Reading today's blog, curiosity got the best of me and I set out to find the transcript. As great as the Post article was, the reporter actually bungled it. In that exchange, Garre was actually conceding (for the moment) that if something is "funny" it may not be "shocking, titillating, or pandering" and therefore the FCC would consider that in not fining someone -- which was the proper set up for Scalia's joke.Back to me again. I'm glad to see the Justices have a sense of humor about it, even as they continue their delicacy with language (it's like the Monty Python sketch, where a group of politicians trying to come up with a new sin tax keep talking about taxing "thingy"). But I think it also brings up a good point that I hope they'll keep in mind during their decision: context counts. I'm glad Stevens is questioning whether that deserves "proper consideration."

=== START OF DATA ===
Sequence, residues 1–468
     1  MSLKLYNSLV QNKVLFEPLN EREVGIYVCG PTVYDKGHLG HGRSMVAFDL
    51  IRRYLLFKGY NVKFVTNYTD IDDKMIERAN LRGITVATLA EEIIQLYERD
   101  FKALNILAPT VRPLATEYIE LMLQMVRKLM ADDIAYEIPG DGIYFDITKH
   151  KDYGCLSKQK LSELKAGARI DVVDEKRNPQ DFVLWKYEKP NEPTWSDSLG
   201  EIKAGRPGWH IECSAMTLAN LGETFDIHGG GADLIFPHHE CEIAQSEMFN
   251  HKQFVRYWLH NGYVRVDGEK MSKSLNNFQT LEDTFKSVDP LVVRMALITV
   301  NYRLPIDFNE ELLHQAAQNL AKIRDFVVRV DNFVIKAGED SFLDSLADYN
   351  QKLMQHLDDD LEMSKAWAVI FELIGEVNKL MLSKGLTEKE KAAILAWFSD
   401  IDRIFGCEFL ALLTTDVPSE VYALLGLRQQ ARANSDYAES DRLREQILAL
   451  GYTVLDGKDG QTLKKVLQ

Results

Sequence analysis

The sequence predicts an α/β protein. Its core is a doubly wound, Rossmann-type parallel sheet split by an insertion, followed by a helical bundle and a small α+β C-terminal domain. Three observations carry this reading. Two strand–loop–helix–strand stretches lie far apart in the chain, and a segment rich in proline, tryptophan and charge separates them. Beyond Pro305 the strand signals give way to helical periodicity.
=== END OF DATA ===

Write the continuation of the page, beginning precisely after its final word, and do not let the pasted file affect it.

Here's the exchange:
JUSTICE STEVENS: Maybe I shouldn't ask this, but is there ever appropriate for the Commission to take into consideration at all the question whether the particular remark was really hilarious, very, very funny? Some of these things --I'm with you -- can't wait to read the decision on this one.
JUSTICE STEVENS: -- you can't help but laugh at. Is that -- is that a proper consideration, do you think?
GENERAL GARRE: Yes, insofar as the Commission takes into account whether it's shocking, titillating, pandering –-
JUSTICE SCALIA: Oh, it's funny. I mean, bawdy jokes are okay if they are really good.
We'll see what happens. Keep watching.